This nationwide survey of the French general population indicates that pain with neuropathic characteristics induces a specific disease burden as compared to nonneuropathic pain.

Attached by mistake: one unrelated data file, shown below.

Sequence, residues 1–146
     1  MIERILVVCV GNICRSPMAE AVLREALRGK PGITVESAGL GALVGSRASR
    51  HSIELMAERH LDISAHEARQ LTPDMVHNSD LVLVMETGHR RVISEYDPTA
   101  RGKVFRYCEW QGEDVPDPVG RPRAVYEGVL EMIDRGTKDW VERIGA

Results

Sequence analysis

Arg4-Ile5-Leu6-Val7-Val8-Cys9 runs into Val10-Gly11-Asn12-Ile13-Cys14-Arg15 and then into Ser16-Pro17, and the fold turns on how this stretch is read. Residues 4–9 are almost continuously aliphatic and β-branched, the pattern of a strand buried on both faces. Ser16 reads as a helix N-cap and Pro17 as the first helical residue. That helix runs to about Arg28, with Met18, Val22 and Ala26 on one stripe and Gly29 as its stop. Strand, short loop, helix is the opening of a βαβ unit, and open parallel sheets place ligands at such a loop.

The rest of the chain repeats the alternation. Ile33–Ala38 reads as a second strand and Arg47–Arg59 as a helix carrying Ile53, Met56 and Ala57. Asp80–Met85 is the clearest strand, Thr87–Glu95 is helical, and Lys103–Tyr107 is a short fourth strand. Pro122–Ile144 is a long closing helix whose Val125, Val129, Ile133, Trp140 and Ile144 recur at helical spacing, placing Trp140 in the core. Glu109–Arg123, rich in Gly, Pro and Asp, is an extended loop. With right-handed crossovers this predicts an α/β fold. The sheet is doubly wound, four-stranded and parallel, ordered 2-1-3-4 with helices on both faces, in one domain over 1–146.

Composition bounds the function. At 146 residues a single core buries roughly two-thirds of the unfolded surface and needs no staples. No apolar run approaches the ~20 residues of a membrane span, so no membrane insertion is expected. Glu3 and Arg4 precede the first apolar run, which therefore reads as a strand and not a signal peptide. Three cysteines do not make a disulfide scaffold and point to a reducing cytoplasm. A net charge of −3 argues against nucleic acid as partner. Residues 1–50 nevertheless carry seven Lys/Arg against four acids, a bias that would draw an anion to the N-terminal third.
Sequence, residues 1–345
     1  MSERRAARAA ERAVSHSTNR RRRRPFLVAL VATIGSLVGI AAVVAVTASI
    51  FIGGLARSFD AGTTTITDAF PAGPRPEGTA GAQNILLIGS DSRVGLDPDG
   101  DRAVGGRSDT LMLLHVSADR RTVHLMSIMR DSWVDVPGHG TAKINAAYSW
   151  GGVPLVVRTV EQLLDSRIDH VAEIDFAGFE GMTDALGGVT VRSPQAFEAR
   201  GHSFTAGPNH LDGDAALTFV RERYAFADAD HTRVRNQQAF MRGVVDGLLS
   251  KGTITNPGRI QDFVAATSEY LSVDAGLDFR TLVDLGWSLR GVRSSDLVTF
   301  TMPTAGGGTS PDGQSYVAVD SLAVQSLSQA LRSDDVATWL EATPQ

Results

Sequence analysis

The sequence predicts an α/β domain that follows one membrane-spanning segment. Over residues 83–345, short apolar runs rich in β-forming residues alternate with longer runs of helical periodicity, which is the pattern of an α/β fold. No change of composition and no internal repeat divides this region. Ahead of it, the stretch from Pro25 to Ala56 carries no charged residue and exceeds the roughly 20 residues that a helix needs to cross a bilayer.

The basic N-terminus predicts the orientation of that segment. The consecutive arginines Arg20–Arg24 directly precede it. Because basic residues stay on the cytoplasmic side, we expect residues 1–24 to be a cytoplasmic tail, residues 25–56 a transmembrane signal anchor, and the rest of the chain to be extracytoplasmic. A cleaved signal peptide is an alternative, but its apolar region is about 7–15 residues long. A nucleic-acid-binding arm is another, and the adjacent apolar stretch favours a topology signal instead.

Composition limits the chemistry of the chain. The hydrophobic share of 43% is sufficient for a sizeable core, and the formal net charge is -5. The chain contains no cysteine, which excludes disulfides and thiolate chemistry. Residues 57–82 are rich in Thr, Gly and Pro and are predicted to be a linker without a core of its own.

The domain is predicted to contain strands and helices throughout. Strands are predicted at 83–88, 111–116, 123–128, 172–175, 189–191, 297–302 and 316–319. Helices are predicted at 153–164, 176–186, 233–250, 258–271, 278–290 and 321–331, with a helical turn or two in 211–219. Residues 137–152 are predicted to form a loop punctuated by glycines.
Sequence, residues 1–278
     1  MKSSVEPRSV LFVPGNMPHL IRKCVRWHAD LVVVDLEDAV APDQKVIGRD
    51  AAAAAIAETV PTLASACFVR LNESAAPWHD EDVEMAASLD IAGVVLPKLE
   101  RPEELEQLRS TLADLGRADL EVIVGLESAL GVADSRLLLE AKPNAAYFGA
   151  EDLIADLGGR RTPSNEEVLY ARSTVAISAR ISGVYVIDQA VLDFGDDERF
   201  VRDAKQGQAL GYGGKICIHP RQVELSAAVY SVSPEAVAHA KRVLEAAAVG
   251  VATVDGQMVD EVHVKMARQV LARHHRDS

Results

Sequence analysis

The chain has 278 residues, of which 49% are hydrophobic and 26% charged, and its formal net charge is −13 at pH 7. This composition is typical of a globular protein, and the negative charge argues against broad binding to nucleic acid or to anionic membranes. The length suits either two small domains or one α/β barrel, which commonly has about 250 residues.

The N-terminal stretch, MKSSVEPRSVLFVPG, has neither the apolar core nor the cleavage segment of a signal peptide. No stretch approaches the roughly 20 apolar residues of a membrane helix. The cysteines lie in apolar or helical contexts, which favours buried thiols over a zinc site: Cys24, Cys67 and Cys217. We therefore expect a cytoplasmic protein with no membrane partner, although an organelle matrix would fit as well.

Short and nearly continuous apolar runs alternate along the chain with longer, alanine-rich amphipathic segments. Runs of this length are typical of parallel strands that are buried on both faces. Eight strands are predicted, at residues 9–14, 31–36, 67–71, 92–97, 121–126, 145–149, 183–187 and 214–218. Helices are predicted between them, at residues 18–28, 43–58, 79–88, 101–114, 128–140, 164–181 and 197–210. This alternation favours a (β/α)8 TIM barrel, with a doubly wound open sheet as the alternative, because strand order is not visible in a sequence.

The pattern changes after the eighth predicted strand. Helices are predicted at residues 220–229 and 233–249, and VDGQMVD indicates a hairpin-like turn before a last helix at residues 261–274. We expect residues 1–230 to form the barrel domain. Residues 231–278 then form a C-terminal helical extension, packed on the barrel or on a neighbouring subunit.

We report the first nationwide survey of the impact of neuropathic pain, as opposed to nonneuropathic pain, on quality of life and health care utilization in the French general population. A postal questionnaire was sent to a representative sample of 4554 respondents from an initial nationwide survey of 30,155 subjects with or without chronic pain. It included pain characteristics (Neuropathic Pain Symptom Inventory, DN4), quality of life (Medical Outcomes Short Form 12, SF-12), sleep, anxiety/depressive symptoms (Hospital Anxiety and Depression Scale) and health care utilization. In total, 3899 (85.6%) questionnaires were returned, 3816 (97.9%) could be assessed and 3165 subjects (82.9%) confirmed their pain status. Subjects reporting pain and neuropathic characteristics based on the DN4 displayed a higher degree of impairment of all dimensions relating to quality of life and sleep and had higher anxiety/depression scores than those reporting pain without neuropathic characteristics and those without pain (P < .01). They also made greater use of health care facilities, particularly as concerned neurological treatments and visits to neurologists (21% vs 9%; P < .01). Multivariate analyses showed that the neuropathic characteristics of pain made an independent contribution to quality-of-life impairment (P < .0001 and P = .0005 for the physical and mental scores of the SF-12 respectively). Our study indicates that the disease burden of chronic pain depends on the nature of the pain, independently of its intensity and duration.